Image: Couple and cash © Digital Vision Ltd., SuperStock

In a perfect world, we wouldn't need tricks to save money.

Life isn't perfect, though. The national savings rate has edged up to around 5% -- an improvement over recent years -- but it means that Americans, on average, tucked away only about a nickel of every dollar.

Plenty of people "seem to think they can't afford to save," says Rebecca Schreiber, a financial planner in the Washington, D.C., area. She acknowledges that the unemployed or the deeply indebted can't put aside much.

But it's essential to have a plan to build savings, if only a dollar at a time. Suppose you were able to squirrel away as little as $2 to $5 a week. In a year, that would be $104 to $260 that might otherwise have gone to sodas, magazines or the dollar menu. Doesn't sound like much? When you need a couple of new tires, you'll wish you'd skipped those cheeseburgers.

There is no magic, and there is no free ride. But there are ways to make the process less painful -- even a little pleasurable.

Spend a little, save a little

Give yourself an allowance for fun. Put that amount in an envelope each payday or fold it in your wallet. Once it's gone, that's it -- no fair dipping into savings. (But you get extra credit for putting leftover discretionary spending funds into savings next payday.)

Message board reader "ATSiaRU" says that knowing she has a certain amount of money to spend any way she wants "makes it easier to put money earmarked for future purchases or long-term goals into the bank."

Donna Freedman

Donna Freedman

I'd never tried this until recently, when I decided to allot myself $10 a week for fripperies. Knowing that I could spend the sawbuck has thus far kept me from feeling that I have to spend it. It's like a little green security blanket.

Of course, you could also spend your allowance the first day of the month. Or the last day. The point is that your savings should stay right where they are.

Can't touch this

Financial educator Katerina Taylor admits being occasionally tempted by thoughts like "I really want that purse." However, most of her money is in a pair of online banks that require at least 48 hours for transfers. This is enough of a cooling-off period to make her realize she doesn't really want that purse.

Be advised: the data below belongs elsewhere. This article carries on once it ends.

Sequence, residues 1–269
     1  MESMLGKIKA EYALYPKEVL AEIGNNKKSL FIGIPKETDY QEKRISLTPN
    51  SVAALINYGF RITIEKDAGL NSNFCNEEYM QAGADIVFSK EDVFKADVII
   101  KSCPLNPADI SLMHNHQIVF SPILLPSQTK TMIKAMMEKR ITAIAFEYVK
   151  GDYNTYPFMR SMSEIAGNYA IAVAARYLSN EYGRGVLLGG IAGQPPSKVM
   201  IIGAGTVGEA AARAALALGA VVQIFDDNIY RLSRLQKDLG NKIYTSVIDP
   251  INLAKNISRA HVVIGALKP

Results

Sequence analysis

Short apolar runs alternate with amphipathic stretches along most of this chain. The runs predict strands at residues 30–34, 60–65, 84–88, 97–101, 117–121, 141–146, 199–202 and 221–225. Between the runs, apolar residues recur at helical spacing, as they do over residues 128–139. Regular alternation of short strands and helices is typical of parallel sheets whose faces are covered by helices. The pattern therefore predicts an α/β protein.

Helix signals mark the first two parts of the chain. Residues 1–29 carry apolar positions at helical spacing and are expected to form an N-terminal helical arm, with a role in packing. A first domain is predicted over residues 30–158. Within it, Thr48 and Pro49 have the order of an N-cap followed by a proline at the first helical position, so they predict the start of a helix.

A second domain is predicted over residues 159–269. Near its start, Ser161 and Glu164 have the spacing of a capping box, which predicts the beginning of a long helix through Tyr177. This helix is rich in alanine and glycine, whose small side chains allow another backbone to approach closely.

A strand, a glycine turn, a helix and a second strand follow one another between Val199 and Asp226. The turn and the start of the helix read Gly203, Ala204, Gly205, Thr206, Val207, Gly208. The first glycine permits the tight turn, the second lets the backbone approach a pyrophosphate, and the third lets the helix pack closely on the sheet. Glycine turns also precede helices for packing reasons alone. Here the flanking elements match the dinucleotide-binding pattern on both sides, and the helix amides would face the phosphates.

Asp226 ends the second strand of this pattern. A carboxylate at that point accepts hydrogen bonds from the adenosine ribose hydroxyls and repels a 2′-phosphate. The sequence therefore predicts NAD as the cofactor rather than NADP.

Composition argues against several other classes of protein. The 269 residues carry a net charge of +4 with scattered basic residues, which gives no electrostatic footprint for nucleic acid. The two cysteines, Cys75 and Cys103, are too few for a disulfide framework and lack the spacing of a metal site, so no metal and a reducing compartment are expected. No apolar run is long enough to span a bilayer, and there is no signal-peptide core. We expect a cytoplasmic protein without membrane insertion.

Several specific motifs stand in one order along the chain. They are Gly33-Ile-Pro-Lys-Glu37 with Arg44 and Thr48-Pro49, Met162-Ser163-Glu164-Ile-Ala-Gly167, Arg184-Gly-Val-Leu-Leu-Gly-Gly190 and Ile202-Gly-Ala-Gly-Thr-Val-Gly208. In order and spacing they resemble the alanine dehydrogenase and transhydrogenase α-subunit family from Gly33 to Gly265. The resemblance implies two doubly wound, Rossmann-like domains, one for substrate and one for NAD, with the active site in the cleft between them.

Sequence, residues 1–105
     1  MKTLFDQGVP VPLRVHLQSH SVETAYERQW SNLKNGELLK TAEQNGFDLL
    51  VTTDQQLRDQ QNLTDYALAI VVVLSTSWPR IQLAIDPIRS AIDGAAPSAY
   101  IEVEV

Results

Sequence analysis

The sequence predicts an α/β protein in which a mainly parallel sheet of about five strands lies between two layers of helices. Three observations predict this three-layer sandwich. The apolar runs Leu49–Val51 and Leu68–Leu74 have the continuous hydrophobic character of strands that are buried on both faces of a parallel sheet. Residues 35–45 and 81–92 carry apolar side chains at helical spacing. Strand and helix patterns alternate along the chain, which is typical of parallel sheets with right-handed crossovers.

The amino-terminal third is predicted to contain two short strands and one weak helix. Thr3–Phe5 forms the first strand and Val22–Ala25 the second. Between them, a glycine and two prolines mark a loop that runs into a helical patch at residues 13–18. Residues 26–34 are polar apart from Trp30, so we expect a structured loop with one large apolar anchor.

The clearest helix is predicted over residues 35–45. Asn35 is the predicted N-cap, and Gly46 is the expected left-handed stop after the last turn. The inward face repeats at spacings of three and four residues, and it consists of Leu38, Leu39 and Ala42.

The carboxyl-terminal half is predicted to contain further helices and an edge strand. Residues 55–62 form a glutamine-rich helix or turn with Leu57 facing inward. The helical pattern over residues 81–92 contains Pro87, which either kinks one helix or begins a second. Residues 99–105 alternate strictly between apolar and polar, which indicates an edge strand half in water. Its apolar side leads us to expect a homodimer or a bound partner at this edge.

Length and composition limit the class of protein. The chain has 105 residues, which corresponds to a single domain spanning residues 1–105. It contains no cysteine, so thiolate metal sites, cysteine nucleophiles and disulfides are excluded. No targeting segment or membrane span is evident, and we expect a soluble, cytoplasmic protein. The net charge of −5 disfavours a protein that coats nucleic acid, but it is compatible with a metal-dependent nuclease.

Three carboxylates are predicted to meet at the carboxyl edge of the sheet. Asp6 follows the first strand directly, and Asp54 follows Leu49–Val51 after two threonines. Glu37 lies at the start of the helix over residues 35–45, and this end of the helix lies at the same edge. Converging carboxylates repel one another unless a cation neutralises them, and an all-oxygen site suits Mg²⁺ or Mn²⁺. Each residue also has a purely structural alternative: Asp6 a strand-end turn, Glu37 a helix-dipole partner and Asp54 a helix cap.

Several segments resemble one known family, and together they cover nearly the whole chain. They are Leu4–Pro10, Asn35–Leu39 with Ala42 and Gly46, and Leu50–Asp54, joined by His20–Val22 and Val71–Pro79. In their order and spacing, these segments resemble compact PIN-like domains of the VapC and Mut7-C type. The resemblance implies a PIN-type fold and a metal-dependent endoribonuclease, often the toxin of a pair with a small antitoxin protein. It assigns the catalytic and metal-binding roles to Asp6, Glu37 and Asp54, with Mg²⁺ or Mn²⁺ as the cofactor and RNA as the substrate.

Another way to keep her mitts off the moola: Taylor sets most of it up in laddered certificates of deposit, which carry penalties for early withdrawal. However, the CDs mature regularly enough that money would be available for a nonfashion emergency.

A reader posting as "NancyinFL" set up automatic withdrawals from her checking account into a "one-way" fund -- no debit card. She dubbed the account "Next Life" because it's the seed money for a new career.

Picture this

In the past few years I have opened several additional checking accounts, earning bonuses of $25 to $100. My best deal thus far: getting $200 recently to open a business checking account. At the same time, I got a business credit card and was given 30,000 in rewards points after the first use; these points converted into $300 cash.

It all goes into an account I named "Home." The idea of a home of my own inspires me to look for more ways to boost the balance: manufacturer rebate checks, payment for occasional baby-sitting gigs or handyma'am jobs, cash-back shopping rebates, wrapped change and payments from online surveys. Generally I add a couple of dollars from my wallet, too.

Thus far I've put aside more than $2,000. It's not a fortune, but plenty of it is money that might have otherwise dribbled away.

I envision an entire home, but message board reader "Tiredboomer" focused on just a kitchen. She had a cabinet store design the culinary center of her dreams, and she kept a picture of the plan by her desk "as inspiration to try to put as much money as possible in my kitchen account."

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It took a couple of years, but now she's cooking in style -- and she paid cash.

It wouldn't hurt to rubber-band a photo or advertisement of your goal to your credit card or debit card either. When you want to stop for takeout instead of going home to heat up leftovers, you'll see the picture of that new baby who will one day need to go to college.